Discussing the real issues instead of the symptoms

By Luke Van Der Male | 9/10/14 12:46pm


By Luke Van Der Male

editorial@lanthorn.com

If it’s true that it’s how we think and not what we think that’s important, it follows that it’s how we talk and not what we talk about that is similarly essential. But what does this mean in the modern media landscape that is simultaneously exploding and contracting all of the time? Should we bicker about whether Michael Brown was a petty thief, or ask how he ended up shot? How about what it means that a global warming prediction from 1995 has been changed, or how to stop our economy from smothering our planet with CO2?

The fundamental difference in these topics is whether we are talking about the symptoms of a problem, which in their details can be confusing and irrelevant, or the systems of the same. Brown’s larceny or lack thereof, as a previous Columnist noted, is merely a distraction from race relations between the police and the black community. That is, unless someone is arguing being shot six times is a natural consequence of stealing. Determining the exact events of Brown’s shooting will at best shed light onto the existing problems, but more likely it will only absorb unwanted limelight until the national attention has wandered again. Society’s concern over an issue is a scarce resource, and we can spend that concern on either what is wrong, or how and why it is wrong. And I think it’s quite obvious which will assist progress.

An acquaintance of mine once insisted that the way to save the environment for posterity was not the vulgar taxation systems I proposed. Instead, she claimed, we must change our culture. Now, if culture is a system at all, it’s certainly not one that can be changed while New York is above water. But at least she and I were discussing the method of reducing imminent flooding, which is more than can be said of much of the national conversation on climate change. There is still furious debate on whether it’s even happening, regardless of scientific consensus, almost biblical Californian droughts, and steadily mounting average temperatures. I think the American conversation on Ferguson and climate change share a feature of revealing what we’d rather talk about as opposed to what we should be talking about. Why talk about the immense black prison population, or the lack of racial representation in police departments, or the extreme violence used against protesters when we can instead discuss the last time Brown smoked a joint? For that matter, why worry about how we will have to fundamentally change the global economic system to cap emissions if we can instead endlessly question the minutiae of climate science?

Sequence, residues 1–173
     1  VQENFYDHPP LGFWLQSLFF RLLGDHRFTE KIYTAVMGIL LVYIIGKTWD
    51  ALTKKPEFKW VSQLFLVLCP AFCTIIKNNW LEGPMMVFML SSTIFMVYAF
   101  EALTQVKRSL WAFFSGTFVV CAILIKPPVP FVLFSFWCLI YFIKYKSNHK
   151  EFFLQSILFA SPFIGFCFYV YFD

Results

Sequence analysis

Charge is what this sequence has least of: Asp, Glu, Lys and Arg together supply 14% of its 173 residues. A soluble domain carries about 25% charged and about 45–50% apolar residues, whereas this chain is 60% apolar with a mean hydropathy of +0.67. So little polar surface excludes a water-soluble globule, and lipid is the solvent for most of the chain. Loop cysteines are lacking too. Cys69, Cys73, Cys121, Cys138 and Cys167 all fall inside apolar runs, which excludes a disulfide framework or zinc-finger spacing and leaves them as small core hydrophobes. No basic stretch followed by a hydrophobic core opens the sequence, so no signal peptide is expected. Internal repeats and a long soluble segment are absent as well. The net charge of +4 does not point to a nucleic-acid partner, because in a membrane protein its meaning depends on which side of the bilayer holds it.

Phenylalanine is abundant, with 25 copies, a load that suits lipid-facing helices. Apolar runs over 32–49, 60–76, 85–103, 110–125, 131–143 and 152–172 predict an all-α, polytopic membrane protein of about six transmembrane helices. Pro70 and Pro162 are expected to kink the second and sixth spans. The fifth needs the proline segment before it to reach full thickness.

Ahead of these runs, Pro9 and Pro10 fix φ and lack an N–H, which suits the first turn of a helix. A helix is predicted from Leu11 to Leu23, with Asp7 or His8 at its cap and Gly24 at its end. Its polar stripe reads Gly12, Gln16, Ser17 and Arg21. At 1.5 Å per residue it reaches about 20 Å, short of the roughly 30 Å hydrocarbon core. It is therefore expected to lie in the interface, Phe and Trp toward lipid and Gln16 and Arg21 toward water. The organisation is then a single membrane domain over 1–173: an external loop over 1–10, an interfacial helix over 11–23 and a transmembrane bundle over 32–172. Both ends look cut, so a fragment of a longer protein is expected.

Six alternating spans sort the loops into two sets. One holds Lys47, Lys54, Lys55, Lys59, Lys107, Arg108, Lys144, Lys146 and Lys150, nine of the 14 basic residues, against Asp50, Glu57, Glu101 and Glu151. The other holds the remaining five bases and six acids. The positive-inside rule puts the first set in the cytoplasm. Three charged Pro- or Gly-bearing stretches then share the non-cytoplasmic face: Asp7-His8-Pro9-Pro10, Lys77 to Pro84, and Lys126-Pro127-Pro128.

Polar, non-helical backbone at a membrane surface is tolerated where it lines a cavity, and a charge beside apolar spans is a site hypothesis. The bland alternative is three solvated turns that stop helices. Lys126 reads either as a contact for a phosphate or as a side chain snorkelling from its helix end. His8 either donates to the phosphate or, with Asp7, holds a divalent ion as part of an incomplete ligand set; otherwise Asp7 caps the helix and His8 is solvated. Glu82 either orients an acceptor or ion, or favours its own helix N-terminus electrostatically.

I once saw a photo of a skeptical demonstrator holding a sign that read “What do we want? Evidence based change! When do we want it? After peer review!” But evidence is only a part of the answer. Our focus on fundamental issues, rather than trifling ones, is every bit as necessary to evidence based change. Bickering over symptoms does nothing to the disease, and societal concern is not our only scarce resource.

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